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straits jackets


straits jackets

This year’s jacket motto is "I Survived Southern Straits 2010". This traditional Northwest Easter regatta goes across and up and down and across the Straits of Georgia starting from Vancouver and finishing in Vancouver. The race is always a roll of the dice – some years it doesn’t blow and the most Vmg you’ll make is from the tidal currents that trek up and down the Straits to years where gales rip through and everyone gets to find out which boat bits they should have maintained before the fun started. Then there are the years where you get a little of both – drift some, have a gale for a while, drift for awhile and so on. Cold too – there is always snow on the mountain tops around Vancouver this time of year so it ain’t the Caribbean. The weather briefing at the skippers meeting on Thursday night had the Environment Canada guy explaining how their forecasting model was pretty good but not perfect and he expected the actual event to be worse than forecast and maybe you guys should go skiing instead.

This race always draws the big sleds from Seattle so the press gets to have a field day photographing and yakking about the big-boat royalty showing up and it is all in all A Big Production. Which isn’t meant to marginalize the seriousness of this years event – this year the Canadian Coast Guard was called out for 5 rescues, 1 boat sank, two sailors were in hospital with severe hypothermia and in critical condition, 2 masts were lost, 2 booms broke, 50+ sails were blown up, at least 12 people ended up in the water and there was gear carnage throughout the fleet. The forecast low pressure was 985 millibars and sustained 35 to 45 knot winds with 6-12 foot breaking seas in what is essentially a large salt water lake. The actual numbers really were worse – the barometer sank to 980 millibars, the highest gusts recorded at the weather buoys were 64 knots, the seas got really, really lumpy with cross seas reflecting off the shoreline of Vancouver Island and just making a mess of it all. Sustained winds on the course were 45+ knots pretty much over the whole area for the entire day with the 50 knot gust being the norm and some really good ones blowing through on top of that.

Not that that this year was spectacularly wild – there have been others, like Straits 2005 that got really, unexpectedly bad 18 hours into the race – but it was enough of a wake-up call to get everyone re-focused on the basics. Like don’t go out in more wind than you are comfortable dealing with. Which ended up being half the boats registered – all of whom are now being smug about no damage and no injuries and no second-guessing. Too bad, because everyone who went out now has a set of heroic sea stories that will be appropriately burnished by time into "No kidding, there we were and…." (complete as appropriate). Everybody listening who wasn’t there will do the "ooh ,ahhh" thing and remark on the superior skills and Iliad-ic bravery of the storyteller. You can cadge drinks for 2-3 years in yacht club bars over these stories so they really are worth something.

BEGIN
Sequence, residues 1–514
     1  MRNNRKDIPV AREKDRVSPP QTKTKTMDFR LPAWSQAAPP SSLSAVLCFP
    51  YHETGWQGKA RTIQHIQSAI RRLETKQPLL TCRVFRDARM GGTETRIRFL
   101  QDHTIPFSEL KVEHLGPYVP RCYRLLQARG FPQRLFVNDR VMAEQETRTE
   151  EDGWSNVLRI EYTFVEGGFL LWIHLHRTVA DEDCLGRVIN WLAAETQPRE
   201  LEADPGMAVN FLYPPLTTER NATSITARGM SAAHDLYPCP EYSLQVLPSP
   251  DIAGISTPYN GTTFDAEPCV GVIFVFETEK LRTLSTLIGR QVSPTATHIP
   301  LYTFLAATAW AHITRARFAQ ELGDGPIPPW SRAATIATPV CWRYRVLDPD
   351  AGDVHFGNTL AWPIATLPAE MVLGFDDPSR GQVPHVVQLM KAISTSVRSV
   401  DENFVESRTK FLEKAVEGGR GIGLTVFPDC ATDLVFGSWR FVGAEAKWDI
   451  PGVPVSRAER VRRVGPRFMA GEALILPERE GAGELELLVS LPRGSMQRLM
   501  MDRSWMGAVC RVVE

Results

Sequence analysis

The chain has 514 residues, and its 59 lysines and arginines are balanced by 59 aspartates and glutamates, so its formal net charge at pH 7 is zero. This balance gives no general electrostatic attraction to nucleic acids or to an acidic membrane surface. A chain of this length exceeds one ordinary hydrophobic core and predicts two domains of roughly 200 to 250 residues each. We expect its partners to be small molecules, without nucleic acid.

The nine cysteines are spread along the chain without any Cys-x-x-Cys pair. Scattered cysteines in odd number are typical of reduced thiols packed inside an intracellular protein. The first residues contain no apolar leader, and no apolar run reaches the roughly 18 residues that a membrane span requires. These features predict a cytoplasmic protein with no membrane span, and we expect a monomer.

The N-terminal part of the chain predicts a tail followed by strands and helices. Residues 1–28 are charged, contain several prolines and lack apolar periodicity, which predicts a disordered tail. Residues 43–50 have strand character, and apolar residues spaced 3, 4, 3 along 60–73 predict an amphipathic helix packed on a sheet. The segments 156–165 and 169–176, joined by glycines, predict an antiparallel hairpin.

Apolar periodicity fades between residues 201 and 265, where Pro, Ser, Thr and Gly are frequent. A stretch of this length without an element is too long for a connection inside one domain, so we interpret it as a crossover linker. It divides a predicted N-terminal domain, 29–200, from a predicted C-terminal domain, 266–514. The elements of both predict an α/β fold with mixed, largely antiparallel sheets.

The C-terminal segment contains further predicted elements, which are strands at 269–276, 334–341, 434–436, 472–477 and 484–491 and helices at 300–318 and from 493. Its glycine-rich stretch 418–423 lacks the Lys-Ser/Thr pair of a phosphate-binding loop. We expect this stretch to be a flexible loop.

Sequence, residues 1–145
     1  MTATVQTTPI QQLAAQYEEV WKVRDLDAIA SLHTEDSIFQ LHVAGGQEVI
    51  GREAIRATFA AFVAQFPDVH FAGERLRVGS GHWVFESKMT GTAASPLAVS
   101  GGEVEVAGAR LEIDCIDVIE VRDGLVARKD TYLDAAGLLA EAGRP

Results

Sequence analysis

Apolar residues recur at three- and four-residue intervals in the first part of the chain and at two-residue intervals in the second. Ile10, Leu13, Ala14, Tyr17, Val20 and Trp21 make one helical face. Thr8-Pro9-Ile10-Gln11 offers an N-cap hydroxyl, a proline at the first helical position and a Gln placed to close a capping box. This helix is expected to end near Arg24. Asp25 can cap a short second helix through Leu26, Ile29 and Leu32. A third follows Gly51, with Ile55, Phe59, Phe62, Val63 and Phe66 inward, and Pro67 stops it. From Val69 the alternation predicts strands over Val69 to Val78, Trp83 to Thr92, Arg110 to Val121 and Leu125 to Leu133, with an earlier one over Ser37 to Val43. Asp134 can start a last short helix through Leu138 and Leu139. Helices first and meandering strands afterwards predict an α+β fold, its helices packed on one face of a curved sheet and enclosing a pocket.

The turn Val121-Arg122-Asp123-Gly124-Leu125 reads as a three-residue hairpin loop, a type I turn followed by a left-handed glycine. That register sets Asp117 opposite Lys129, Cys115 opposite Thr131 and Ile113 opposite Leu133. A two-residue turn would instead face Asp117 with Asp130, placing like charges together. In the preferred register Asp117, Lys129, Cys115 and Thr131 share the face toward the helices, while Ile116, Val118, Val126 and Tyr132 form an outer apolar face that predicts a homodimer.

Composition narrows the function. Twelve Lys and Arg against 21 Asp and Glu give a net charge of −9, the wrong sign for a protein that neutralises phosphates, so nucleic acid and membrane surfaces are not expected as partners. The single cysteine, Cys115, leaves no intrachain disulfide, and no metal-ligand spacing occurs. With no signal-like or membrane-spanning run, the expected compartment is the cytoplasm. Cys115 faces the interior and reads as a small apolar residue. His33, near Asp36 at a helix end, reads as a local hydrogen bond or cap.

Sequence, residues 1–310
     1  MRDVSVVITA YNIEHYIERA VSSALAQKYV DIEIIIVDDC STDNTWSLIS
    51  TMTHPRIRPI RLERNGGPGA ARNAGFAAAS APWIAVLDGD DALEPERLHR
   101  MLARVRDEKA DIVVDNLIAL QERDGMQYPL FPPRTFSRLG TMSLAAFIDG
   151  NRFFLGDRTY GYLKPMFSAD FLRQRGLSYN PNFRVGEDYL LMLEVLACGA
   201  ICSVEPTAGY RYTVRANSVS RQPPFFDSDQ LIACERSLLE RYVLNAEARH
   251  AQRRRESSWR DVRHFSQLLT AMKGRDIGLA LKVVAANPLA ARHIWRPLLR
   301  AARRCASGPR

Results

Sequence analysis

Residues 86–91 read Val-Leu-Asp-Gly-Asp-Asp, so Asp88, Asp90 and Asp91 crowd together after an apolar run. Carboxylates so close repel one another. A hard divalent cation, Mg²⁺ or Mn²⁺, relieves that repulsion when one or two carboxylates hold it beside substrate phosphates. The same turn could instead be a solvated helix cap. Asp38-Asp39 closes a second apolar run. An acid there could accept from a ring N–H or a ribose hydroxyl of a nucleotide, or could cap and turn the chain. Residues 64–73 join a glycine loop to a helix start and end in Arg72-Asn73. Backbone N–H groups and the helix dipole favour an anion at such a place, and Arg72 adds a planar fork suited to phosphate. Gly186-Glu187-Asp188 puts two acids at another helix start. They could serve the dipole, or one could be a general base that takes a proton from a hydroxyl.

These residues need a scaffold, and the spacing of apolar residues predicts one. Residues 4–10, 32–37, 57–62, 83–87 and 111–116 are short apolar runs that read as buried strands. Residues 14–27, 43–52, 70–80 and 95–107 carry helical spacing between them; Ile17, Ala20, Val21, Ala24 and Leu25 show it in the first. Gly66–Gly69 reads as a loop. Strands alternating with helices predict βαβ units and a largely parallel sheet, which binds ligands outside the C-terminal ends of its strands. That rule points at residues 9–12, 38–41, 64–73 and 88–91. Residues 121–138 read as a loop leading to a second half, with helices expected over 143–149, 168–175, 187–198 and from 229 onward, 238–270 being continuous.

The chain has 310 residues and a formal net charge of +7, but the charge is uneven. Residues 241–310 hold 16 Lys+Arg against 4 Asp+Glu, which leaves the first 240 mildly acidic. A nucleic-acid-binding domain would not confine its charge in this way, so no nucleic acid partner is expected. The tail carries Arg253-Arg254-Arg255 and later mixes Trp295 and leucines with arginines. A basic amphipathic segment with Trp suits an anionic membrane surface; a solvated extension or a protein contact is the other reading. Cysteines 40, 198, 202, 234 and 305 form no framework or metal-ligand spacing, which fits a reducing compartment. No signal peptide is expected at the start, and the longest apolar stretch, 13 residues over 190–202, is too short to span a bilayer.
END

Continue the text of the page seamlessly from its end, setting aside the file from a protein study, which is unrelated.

Three separate starts, the first for the big boats doing the 120 mile long course that is a Victoria-Maui qualifier, the second start for the go-fast guys on the 90 mile medium course and then the third start for the slower boats on the short 60 mile course. All the courses go back and forth across the Straits and the longer ones have a sausage along the east coast of Vancouver Island to get the length up. The start area is just off downtown Vancouver in English Bay and with the wind blowing from the southeast at 25 knots it is a siren song meant to suck you into going out in the Straits. Yes it is blowing but the seas are flat and it doesn’t seem to be such a big deal. The big boats go off and pop their kites and start heading west the 6 miles to Georgia Strait. Everybody is thinking, "cool, we get to make a fast passage" – dream on Grasshopper, the real race starts 6 miles west where there appears to be little blue box cars running to the northwest out in the Strait.

Our 1D35, Radical Departure, was in the second start and our nemesis the 1D35 The Shadow was right in our cross hairs at the start. We both get across the line at the gun at  the weather end, avoiding one moron on the wrong side of the line on port trying to get back to the start line while the whole fleet is descending on them at 10 knots on starboard. Some fairly colorful sailing ensued but once we got clear of the mayhem we got the kite up about 30 seconds after The Shadow did. Which meant they had a 200 yard lead – we did 10 knots while they did 16+ so the accordion took a deep breath. Behind us, we could hear a lot of crashing and banging and one really loud riiiiipp as someone’s kite blew out. We settled in for a Nantucket sleigh ride and the pre-scheduled broaches which came and went at a nominal rate. As we got into the really strong winds out in the Strait we managed to pass The Shadow and life was good. A couple of 20 knot bursts during the big gusts and we had settled into becoming legends in our own minds and we were all sitting there readying our trophy acceptance speeches. The final kite crash was one of those operatic things with the fat lady just wailing while we laid over on our side and bits and pieces started jiggling their way loose from the hull – enough of the kite stuff, let’s try the jib.